Margaret Oakley Dayhoff

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Dr. Margaret Belle (Oakley) Dayhoff (March 11, 19251983) was an American physical chemist and a pioneer in the field of bioinformatics. She was the first woman to hold office in the Biophysical Society, first as Secretary and eventually President. She originated one of the first substitution matrices, Point accepted mutations or (PAM).

Early life

Dayhoff was born an only child in Philadelphia, but moved to New York City as a child. Her academic promise was evident from the outset; she was valedictorian (class of 1942) at Bayside High School, Bayside, New York and from there received a scholarship to Washington Square College of New York University, graduating magna cum laude in mathematics in 1945.

Research

From there, Dayhoff undertook a Ph.D. in quantum chemistry, under George Kimball, in the Columbia University Department of Chemistry. In her graduate thesis, Dayhoff had pioneered the use of computer capabilities -- i.e. mass-data processing-- to theoretical chemistry; specifically, she applied punch card machines to calculate the resonance energies of several polycyclic organic molecules.

After completing her Ph.D, Dayhoff studied electrochemistry at the Rockefeller Institute from 1948 to 1951. In 1952, she moved to Maryland with her family and later received a research fellowship from the University of Maryland (1957-1959), working on a model of chemical bonding with Ellis Lippincott. She taught physiology and biophysics for 13 years, while becoming affiliated with the National Biomedical Research Foundation, a Fellow of the American Association for the Advancement of Science, a councillor of the International Society for the Study of the Origins of Life (1980) and acting on the editorial boards of DNA, Journal of Molecular Evolution and Computers in Biology and Medicine.

Frederic Sanger's determination of the first complete amino acid sequence of a protein (insulin) in 1955, led a number of researchers to sequence various proteins from different species. In the early 1960s, a theory was developed that small differences between homologous protein sequences (sequences with a high likelihood of common ancestry) could indicate the process and rate of evolutionary change on the molecular level. The notion that such molecular analysis could help scientists decode evolutionary patterns in organisms was formalized in the published papers of Emile Zuckerkandl and Linus Pauling in 1962 and 1965. Dayhoff worked side by side with Lippincott and Carl Sagan on thermodynamic models of cosmo-chemical systems, including prebiological planetary atmospheres.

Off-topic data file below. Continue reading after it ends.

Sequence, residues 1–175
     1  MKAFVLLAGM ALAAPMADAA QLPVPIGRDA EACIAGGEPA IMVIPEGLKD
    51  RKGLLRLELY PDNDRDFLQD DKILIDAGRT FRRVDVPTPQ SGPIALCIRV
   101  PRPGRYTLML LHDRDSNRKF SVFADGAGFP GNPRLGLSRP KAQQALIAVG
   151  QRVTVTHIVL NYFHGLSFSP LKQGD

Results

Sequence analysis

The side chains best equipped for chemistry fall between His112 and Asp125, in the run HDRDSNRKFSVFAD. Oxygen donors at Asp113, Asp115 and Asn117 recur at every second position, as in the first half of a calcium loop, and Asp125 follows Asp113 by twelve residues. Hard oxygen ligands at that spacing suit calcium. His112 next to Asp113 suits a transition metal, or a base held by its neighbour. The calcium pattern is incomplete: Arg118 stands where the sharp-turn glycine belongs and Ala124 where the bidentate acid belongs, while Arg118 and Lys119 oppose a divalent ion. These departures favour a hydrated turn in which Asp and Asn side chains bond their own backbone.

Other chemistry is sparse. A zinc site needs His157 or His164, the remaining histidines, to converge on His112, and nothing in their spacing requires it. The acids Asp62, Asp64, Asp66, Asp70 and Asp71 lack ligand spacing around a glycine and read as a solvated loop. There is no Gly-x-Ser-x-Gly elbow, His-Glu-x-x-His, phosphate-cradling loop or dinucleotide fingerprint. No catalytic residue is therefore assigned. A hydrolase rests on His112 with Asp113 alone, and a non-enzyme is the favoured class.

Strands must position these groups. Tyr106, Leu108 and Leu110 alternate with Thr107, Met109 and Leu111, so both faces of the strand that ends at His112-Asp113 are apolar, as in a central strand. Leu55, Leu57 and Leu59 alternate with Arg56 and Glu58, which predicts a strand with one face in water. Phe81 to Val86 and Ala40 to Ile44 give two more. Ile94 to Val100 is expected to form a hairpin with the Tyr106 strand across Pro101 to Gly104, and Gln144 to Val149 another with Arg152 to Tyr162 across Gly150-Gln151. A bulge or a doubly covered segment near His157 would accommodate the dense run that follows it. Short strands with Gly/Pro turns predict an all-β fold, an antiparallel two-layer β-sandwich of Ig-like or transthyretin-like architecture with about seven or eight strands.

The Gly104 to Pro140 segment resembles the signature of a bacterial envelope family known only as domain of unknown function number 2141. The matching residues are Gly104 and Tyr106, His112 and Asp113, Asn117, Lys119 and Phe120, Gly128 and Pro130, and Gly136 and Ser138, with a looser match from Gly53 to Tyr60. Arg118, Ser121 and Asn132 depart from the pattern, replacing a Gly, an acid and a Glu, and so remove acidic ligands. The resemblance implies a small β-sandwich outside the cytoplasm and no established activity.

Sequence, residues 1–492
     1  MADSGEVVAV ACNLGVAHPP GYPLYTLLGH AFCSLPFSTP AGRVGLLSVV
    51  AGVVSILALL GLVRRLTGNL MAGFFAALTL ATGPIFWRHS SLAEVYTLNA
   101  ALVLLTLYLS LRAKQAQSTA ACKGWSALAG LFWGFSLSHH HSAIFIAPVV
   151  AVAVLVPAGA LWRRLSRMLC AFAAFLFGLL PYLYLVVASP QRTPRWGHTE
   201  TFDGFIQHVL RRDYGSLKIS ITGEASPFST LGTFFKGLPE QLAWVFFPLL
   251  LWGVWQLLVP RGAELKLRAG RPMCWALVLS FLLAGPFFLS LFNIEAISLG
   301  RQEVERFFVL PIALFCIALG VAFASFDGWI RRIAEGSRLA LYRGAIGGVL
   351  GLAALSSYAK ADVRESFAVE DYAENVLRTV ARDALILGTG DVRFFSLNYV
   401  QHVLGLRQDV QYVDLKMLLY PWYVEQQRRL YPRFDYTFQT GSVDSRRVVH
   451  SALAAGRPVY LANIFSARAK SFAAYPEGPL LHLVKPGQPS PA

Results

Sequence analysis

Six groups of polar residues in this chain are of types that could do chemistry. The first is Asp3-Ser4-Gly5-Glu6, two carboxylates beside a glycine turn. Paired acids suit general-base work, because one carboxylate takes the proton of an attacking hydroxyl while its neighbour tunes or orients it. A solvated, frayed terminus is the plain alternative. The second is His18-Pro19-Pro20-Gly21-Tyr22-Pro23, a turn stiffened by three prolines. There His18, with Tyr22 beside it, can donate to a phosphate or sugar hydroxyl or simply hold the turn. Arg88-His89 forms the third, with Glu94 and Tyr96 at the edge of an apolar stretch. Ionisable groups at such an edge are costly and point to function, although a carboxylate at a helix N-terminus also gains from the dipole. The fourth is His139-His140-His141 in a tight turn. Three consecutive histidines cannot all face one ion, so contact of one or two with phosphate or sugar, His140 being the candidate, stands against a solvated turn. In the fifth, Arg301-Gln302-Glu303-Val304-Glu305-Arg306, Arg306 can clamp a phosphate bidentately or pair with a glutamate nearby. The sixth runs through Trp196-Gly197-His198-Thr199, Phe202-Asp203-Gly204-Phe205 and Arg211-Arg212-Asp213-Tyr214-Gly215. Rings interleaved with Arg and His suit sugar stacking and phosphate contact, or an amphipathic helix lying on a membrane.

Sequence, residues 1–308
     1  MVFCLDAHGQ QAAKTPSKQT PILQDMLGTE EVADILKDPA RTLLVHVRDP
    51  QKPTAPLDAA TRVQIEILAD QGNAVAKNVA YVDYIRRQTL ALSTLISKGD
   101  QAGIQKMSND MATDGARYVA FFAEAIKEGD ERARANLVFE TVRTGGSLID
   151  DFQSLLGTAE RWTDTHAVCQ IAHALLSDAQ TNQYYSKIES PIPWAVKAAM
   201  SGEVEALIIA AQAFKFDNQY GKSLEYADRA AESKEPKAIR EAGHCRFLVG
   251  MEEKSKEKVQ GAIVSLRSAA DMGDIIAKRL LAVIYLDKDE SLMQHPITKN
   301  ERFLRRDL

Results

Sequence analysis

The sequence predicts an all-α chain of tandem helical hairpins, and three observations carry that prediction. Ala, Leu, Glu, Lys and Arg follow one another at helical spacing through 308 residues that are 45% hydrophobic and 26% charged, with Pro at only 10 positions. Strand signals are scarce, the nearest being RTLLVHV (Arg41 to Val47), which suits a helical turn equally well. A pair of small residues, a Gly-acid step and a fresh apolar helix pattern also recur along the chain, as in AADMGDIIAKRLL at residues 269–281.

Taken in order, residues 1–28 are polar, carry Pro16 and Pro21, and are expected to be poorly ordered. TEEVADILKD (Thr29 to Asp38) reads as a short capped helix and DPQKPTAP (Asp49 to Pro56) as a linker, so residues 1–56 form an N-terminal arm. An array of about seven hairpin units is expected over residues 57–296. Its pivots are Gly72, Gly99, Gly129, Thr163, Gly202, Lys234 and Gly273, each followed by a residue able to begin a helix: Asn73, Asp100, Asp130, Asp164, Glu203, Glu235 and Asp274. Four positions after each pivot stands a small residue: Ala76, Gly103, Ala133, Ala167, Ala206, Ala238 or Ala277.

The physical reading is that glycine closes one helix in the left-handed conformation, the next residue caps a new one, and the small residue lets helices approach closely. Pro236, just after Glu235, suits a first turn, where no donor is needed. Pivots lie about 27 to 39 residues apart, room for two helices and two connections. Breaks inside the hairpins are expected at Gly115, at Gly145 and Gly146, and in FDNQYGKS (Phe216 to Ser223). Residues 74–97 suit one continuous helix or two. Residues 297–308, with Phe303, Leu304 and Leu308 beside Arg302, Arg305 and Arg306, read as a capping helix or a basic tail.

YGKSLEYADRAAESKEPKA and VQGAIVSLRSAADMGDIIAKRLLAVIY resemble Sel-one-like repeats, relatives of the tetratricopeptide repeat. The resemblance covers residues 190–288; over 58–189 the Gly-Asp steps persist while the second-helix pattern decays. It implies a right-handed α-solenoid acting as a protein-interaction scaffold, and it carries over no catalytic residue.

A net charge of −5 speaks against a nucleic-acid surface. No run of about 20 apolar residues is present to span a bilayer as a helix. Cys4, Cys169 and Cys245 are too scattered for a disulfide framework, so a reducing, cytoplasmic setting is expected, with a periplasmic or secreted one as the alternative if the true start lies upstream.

Dayhoff went on to pioneer the development of programmable computer methods for use in comparing protein sequences and deriving their evolutionary histories (in other words, discerning homologies) from their sequence alignments. Though this was before the days of massive outputs of sequence information by automated and other methods, Margaret Dayhoff anticipated the potential of computers to the current theories of Zuckerkandl & Pauling and the method which Sanger had engineered.

With Richard Eck, she published the first reconstruction of a phylogeny (evolutionary tree) by computers from molecular sequences, using a maximum parsimony method. She also formulated the first probability model of protein evolution, the PAM model, in 1966.

She initiated the collection of protein sequences in the Atlas of Protein Sequence and Structure, a book collecting all known protein sequences that she published in 1965. It was subsequently republished in several editions. This led to the Protein Information Resource database of protein sequences, which was developed by her group. It and the parallel effort by Walter Goad which led to the GenBank database of nucleic acid sequences are the twin origins of the modern databases of molecular sequences. The Atlas was organized by gene families, and she is regarded as a pioneer in their recognition. Her approach to proteins was always determinedly evolutionary.

David Lipman has called Dayhoff the mother and father of bioinformatics. Lipman, who is director of the National Center for Biotechnology Information is also the scientist who spearheaded the collaborative project that produced BLAST. His ongoing work in developing better computational methods for molecular biology attests to his inheritance of Dayhoff’s legacy.

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